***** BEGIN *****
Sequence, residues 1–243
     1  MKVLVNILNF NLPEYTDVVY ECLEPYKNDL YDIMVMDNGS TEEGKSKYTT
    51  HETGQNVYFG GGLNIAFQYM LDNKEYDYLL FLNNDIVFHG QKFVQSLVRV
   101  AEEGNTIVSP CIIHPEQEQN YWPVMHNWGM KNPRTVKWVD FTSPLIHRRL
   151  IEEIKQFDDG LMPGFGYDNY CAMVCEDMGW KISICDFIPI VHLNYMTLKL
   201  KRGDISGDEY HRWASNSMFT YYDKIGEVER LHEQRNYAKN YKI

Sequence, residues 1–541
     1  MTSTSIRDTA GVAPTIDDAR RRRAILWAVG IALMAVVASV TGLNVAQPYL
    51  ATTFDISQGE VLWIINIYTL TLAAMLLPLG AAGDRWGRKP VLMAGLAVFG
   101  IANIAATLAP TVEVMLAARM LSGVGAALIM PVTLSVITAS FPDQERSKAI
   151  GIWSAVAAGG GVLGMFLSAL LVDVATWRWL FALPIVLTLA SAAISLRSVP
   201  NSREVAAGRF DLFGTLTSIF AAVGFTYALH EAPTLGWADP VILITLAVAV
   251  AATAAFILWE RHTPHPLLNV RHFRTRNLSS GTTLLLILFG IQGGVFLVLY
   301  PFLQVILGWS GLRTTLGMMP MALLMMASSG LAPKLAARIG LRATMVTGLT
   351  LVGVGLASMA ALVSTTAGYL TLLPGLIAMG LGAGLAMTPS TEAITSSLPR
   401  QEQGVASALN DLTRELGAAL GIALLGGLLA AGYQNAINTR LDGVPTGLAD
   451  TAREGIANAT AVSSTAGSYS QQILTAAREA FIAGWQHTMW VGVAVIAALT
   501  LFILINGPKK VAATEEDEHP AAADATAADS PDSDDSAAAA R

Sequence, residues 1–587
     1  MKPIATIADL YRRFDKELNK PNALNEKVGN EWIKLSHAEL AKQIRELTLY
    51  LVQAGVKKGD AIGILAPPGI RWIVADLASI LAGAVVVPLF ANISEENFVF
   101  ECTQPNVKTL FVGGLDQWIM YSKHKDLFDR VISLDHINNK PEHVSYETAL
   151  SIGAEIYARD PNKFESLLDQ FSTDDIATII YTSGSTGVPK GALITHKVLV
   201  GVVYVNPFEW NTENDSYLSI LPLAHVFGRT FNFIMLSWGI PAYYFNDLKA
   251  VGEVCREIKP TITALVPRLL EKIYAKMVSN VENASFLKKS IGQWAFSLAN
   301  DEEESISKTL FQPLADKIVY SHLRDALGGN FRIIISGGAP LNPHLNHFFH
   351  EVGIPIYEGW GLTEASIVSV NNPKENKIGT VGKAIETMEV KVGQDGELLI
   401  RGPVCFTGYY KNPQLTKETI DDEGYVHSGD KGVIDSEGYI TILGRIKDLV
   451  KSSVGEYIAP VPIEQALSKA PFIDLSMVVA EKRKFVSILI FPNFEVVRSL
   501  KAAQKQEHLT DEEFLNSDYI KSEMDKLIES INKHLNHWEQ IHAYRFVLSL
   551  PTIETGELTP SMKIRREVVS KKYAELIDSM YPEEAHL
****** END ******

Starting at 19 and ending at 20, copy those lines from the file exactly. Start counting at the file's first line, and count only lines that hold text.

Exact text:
Sequence, residues 1–587
     1  MKPIATIADL YRRFDKELNK PNALNEKVGN EWIKLSHAEL AKQIRELTLY